Newsweek magazine reported on its Web site Sunday that FBI agents had monitored a conversation between an Israeli Embassy official and an AIPAC lobbyist at lunch nearly 18 months ago. Another American, later identified as Franklin, "walked in" during the session, according to the report. At the time the FBI was looking into possible Israeli espionage, Newsweek said.

The investigation is the second in recent months involving allegations of Israeli espionage against an ally. In July, a New Zealand court found two Israeli men, accused of being agents for the Mossad, guilty of attempting to forge New Zealand passports. Israeli officials denied that the men were members of the Mossad, but New Zealand's prime minister announced diplomatic sanctions against Israel and demanded an apology.

Michael Oren, an Israeli historian, said Israel would have very little to gain by spying on the United States "because the relationship is so open and giving."

"Israel and the United States see very much eye to eye on the Iran threat, and the intelligence cooperation is extremely close -- it's on an unprecedented level," Oren said. "Both countries perceive Iran's future acquisition of nuclear weapons as a grave threat to the region and the world, and both are committed to trying to prevent Iran from going nuclear."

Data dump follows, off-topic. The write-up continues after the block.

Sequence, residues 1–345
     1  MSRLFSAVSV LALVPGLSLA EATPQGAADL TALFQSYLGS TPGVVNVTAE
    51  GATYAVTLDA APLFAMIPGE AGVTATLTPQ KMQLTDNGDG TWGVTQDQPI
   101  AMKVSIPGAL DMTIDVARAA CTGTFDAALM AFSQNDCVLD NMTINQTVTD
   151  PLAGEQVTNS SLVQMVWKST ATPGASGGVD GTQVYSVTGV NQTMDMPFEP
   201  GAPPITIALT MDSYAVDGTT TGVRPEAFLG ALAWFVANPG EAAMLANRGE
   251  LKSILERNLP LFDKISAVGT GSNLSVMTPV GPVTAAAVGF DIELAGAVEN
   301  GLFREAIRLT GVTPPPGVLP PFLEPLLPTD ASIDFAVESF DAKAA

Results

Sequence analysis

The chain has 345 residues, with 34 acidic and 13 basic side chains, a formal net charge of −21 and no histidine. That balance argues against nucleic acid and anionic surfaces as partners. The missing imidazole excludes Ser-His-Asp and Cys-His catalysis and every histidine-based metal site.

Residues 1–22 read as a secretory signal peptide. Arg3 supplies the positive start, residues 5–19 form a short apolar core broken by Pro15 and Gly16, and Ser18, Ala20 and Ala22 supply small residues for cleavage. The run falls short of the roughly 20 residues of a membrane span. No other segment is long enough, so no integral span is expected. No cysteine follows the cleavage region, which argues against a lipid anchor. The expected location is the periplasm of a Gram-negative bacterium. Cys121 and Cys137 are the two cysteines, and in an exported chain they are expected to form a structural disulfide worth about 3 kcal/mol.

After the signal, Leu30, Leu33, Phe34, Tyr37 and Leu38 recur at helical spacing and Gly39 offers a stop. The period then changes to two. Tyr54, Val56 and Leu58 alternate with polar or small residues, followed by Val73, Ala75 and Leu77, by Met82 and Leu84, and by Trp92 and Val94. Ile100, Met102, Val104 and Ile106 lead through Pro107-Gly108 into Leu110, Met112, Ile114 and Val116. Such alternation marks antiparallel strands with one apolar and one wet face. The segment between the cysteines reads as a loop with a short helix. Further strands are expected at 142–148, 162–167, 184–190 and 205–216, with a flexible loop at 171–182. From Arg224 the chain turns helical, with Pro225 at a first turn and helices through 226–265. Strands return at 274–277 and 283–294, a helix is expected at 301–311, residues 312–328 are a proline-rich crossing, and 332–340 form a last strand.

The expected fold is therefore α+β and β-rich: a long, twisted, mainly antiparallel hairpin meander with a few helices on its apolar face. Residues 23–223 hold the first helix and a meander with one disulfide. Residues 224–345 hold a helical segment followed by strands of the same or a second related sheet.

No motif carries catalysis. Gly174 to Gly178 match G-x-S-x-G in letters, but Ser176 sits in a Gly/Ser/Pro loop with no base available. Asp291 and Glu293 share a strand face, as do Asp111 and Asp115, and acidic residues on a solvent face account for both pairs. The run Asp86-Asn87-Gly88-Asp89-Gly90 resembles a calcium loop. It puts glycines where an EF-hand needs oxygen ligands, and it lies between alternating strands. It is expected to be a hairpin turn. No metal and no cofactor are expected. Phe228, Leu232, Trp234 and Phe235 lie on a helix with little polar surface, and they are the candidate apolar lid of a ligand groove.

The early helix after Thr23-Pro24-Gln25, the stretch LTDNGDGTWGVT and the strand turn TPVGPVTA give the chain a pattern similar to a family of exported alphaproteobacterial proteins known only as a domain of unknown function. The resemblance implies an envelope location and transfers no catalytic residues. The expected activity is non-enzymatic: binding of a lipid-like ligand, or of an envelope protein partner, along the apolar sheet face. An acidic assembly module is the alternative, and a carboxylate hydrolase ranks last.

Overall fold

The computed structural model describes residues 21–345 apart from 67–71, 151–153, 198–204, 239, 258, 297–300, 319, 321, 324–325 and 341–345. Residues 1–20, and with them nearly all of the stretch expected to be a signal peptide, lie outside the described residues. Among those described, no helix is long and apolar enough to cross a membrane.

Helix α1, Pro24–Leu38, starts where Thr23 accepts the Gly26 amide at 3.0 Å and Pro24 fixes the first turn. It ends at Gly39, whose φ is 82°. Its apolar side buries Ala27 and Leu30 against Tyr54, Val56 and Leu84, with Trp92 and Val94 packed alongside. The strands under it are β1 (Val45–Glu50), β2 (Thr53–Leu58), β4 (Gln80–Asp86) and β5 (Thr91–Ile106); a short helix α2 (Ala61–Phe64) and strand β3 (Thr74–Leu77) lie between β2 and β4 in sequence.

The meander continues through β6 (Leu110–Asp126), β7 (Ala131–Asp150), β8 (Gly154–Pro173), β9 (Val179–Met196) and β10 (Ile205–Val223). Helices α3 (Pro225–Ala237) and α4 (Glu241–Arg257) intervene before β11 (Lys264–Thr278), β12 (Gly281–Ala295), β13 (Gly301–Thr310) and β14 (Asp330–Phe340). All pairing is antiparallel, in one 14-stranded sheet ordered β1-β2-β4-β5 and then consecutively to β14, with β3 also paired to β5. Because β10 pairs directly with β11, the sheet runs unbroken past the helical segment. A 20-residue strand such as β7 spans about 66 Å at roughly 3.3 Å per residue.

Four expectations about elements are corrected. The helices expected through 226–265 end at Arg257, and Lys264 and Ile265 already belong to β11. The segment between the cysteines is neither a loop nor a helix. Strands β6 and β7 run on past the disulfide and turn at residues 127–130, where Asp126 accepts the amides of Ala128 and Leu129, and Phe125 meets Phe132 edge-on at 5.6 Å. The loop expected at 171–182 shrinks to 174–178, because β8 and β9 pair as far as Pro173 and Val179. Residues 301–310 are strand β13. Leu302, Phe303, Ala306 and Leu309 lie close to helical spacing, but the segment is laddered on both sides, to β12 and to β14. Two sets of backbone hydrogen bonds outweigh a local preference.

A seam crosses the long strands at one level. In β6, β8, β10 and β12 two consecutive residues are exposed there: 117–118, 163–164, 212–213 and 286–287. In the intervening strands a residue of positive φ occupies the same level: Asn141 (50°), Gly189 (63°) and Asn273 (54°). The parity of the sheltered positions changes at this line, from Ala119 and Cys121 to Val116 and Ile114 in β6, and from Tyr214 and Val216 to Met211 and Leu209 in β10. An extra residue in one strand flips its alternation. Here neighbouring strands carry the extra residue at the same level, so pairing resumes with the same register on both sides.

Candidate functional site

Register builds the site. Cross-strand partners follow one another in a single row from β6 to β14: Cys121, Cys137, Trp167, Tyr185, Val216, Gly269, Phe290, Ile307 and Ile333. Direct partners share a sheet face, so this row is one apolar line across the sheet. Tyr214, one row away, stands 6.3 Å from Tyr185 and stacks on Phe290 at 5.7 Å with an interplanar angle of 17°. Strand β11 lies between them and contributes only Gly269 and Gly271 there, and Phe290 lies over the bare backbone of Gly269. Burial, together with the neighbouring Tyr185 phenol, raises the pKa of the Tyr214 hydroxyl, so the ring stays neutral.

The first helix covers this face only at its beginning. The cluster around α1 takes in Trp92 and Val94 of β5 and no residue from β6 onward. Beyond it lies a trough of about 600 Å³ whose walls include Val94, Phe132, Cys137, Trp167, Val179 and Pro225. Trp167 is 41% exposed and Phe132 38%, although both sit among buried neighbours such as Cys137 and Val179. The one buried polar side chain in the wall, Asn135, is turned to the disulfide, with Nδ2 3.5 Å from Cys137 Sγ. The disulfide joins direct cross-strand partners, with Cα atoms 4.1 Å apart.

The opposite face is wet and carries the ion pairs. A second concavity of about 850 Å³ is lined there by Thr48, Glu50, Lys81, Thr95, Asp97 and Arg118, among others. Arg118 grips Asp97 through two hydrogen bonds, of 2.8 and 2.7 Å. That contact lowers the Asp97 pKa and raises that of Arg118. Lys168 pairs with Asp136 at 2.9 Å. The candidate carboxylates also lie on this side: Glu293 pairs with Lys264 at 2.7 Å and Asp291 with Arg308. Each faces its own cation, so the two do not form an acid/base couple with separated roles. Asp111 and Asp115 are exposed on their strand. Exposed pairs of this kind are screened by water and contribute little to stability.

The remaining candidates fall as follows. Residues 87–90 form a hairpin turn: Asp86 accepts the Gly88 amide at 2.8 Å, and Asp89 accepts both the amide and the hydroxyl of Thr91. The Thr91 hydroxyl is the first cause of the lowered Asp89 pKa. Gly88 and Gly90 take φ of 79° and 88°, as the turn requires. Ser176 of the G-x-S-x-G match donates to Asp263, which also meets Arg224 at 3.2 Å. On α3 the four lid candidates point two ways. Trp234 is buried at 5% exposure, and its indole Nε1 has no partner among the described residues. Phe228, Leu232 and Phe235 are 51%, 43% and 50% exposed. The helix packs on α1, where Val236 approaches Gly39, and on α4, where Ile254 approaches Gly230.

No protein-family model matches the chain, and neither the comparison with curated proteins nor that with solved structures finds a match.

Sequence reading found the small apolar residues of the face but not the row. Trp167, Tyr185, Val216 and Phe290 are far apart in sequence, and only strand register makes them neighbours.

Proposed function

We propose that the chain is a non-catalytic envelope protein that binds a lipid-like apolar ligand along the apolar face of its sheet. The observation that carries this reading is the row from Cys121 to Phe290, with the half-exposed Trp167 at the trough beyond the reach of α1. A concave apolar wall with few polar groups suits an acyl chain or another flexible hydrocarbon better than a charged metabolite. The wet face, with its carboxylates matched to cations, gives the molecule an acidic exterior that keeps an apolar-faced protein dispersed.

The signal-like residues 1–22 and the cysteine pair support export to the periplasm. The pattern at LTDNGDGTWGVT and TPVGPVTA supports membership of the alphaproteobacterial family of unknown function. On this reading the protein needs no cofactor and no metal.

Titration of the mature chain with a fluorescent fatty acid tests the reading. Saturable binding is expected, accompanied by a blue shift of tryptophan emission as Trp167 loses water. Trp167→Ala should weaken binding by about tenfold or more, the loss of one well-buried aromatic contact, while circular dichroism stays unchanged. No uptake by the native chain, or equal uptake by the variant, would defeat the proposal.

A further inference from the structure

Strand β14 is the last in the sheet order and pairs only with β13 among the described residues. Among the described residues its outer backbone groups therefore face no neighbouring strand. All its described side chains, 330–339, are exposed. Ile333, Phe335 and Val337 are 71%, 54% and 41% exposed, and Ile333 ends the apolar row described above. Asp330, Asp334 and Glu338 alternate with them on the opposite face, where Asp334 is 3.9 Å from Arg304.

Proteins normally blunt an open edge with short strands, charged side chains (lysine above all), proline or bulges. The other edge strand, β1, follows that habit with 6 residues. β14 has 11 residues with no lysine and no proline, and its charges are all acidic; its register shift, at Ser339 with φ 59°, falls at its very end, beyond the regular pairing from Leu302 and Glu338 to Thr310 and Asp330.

For months, Israeli officials, including Defense Minister Shaul Mofaz, have warned Iran that Israel was prepared to take what Mofaz called "the necessary steps" to eliminate its nuclear capability. In 1981, Israeli bombers destroyed Iraq's Osirak nuclear reactor in an effort to curtail then-President Saddam Hussein's nuclear weapons program.

In recent weeks, Israel and Iran have stepped up their rhetoric. Iranian Defense Minister Ali Shamkhani told al-Jazeera Arab television network this month that "Iran is not Iraq -- we will not sit by idly if our nuclear reactor's installations are attacked."

Israeli defense and intelligence officials have said Iran's nuclear weapons development program, coupled with its Shihab-3 missile, which is capable of striking Israel, represent the most significant threat to Israel.

In a simulated test last Friday off the Californian coast, Israel's Arrow anti-ballistic missile system, which is designed to destroy or intercept short- and medium-range missiles, failed to stop a Shihab-3 and a Syrian Scud D, according to Israeli defense officials.